“You really are not bad.” Henriette switched back to [English].

The extra wordiness in these instances can work well since it forces in the lull it takes the character to think of what the other characters are saying. The POV character is likely a step behind and so the “clunky” feel to the wording will suit for pacing.

All in all, when in doubt, understandability should be the goal when it comes to using two languages in your writing. You don’t want your readers to miss an important plot point just because they don’t speak as many languages as your character—or worse, to get so frustrated, they put your book down. Err on the side of caution and, when in doubt, call in a beta reader or two and see if it makes sense to readers who don’t speak a second language.

Truth is Stranger than Fiction

Happy December! Hopefully as everyone starts coming back down from the craziness of NaNoWriMo you’re all enjoying family time, sleep, and all of that sweet, sweet editing.

For anyone who doesn’t already know (hi to the three of you!), I tend to spend a lot of my free computer time hanging around the NaNoWriMo Forums. One of the forums, the Reference Desk, is also a great place for authors to get information they might not be able to easily research online. Need to know what a social worker in Alaska would do in X situation? There very well might be someone whose day job is being an Alaskan social worker hanging around to answer you. It truly is a great resource for any matter of questions, November or no.

So, going through posts on the Reference Desk recently, I came across a post asking about recovery times from a stomach wound. Namely, they had a character they didn’t want to die, but did want to suffer a sword wound going clean through their stomach in a crusades-era setting (doesn’t specify which crusade, but sometime between 1000-1200 A.D. presumably). And so, after outlining what they wanted to happen to the character and asking how long it would take to recover from that wound, the poster ended up with a resounding, “They’re not going to recover” phrased in a number of ways:

“They better have a saint on hand to perform a miracle”

“Magic, time travel, and divine intervention would be the character’s only hopes.”

“From right away to three or four agonizing days. That’s assuming that “heal” and “die” mean the same thing.”

“About nine months, after which your reincarnated body is ejected from the host you are going to have to learn to call ‘mommy’.”

A little snarkier than the NaNo Forums tend to get, but a fair enough point. Finding the responses amusing on my end (my apologies to the Original Poster if they found any of the responses mean, or are upset I found them amusing) I ended up reading a couple out loud to my historian husband. Being him/us this got us into a debate about ancient health care.

Now, since I’ve recently been working on projects that take place in historical fantasy worlds, I’ve gotten very used to hearing about all the little quibbles my husband has with “Hollywood” history (things movies do for plot reasons, or because the writers don’t know any better, that perpetuate things that are widely debunked by historians at this point). For the most part, it’s very helpful to have (I’ve gotten lazy by being able to go “Honey, what kind of guns would they have in the 15th century?” and have him rattle it off without me having to look it up) but this particular debate went something along the lines of this:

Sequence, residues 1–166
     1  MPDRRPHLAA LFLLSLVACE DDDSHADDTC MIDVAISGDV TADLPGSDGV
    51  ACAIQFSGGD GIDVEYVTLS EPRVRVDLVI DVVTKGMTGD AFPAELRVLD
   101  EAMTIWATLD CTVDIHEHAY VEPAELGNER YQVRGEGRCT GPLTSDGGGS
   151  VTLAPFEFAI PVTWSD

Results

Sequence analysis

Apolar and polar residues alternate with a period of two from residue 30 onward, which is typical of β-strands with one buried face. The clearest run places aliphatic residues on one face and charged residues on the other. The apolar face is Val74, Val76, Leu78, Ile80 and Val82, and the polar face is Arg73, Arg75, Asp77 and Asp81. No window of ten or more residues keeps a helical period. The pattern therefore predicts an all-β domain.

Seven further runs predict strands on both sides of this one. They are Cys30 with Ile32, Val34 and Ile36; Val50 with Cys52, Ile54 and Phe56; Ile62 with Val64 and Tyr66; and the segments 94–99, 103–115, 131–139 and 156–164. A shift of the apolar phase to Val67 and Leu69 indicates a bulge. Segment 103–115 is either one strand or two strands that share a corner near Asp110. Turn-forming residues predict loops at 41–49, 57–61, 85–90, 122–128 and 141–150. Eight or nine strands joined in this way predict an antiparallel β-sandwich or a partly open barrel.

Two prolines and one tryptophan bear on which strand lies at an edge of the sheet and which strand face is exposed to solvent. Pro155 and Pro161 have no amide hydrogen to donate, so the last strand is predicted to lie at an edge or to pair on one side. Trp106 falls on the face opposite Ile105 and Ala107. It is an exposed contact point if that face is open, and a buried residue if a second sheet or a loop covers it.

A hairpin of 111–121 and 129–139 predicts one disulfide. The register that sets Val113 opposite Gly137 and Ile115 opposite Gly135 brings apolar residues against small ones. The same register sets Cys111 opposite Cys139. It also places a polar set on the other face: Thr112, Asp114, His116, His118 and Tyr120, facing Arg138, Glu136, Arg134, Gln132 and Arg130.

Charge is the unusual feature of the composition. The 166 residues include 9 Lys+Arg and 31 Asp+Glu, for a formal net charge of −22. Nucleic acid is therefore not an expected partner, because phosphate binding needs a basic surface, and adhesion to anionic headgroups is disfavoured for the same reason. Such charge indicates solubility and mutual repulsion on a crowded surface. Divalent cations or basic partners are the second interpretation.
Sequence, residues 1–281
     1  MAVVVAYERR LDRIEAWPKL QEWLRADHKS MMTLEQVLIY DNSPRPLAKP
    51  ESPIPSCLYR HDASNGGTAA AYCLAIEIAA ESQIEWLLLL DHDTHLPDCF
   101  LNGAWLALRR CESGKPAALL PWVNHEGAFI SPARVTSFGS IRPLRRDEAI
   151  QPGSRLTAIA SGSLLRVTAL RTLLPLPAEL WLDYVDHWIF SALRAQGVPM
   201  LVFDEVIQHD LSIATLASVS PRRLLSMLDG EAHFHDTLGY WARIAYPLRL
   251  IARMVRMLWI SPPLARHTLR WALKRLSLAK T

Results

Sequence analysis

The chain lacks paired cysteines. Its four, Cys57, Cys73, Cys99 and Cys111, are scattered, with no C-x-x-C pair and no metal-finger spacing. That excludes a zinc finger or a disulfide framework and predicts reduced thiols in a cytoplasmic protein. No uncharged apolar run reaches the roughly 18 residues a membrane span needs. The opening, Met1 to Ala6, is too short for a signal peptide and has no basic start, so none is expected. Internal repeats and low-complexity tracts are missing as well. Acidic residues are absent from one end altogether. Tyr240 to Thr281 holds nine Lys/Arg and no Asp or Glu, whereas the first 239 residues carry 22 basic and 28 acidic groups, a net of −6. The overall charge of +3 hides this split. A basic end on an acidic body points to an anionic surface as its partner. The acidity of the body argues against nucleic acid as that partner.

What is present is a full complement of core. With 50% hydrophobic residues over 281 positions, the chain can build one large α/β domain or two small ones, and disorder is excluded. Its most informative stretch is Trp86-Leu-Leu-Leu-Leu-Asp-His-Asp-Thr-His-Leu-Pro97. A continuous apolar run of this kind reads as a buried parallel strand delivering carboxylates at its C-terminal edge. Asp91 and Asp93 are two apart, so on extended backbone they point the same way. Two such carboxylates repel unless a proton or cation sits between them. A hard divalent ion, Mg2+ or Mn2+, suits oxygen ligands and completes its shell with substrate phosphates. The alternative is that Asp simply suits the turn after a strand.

Husband: “I’m not sure that’s entirely fair. They helped people with crazy injuries back then. It’s not like they didn’t have any medical knowledge or something.”

Me: “They didn’t have antibiotics.”

Husband: “No, but some battlefield techniques were already highly advanced.”

Me: “People would still die from a wound like that today. It’s not saying ‘Look at those people who don’t know anything’ It’s saying, ‘If you run someone through the stomach with a sword and pull it out to leave all that acid and blood and bile eating away at the guy, he’s most likely going to die.”

Husband: “Painfully.”

Me: “Exactly!”

Husband: “But ‘most likely’. People did survive crazy, crazy injuries now and again…”

And then he trailed off into a number of examples that he of course knew off the top of his head about people surviving being stabbed, bludgeoned, and shot any number of ways while at war, because he somehow keeps a fully-indexed encyclopedia of facts in his head. It really should be studied by science.

Anyway, while, yes, I will fully admit crazier things have happened in real life, this argument got me thinking about the old Mark Twain quote: “It’s no wonder that truth is stranger than fiction. Fiction has to make sense.”

And that, really, is the crux of the original NaNo poster’s problem. While maybe, had this character the author is writing been real, they could have been that one in a billion to survive through some absurd act of god. The chance is so small, however, that writing about someone surviving that wound would shatter just about every reader’s suspension of disbelief. In this case, saving the character would still be an act of god, but only insofar as the author is acting “god” over their story. And so the real difference between the two is that authors are held to a higher standard as far as what is believable. As creator of our story worlds, we can say the sky is green or people can fly or rabbits talk, but only on Tuesdays and as long as that is established, the reader will for the most part go along with it.  When using things based in reality, however, having things so improbable they’re nearly impossible in your story seems as though the author is suddenly using their ability to turn the sky green just because they can. And that’s jarring.

So, sadly, while you generally have god-like powers over the characters in your stories as an author, fiction still sometimes finds itself held to a higher standard than even reality when it comes to the improbable. And so, for our NaNo poster, that character is either going to either have to have a new wound or die for there not to be an outcry.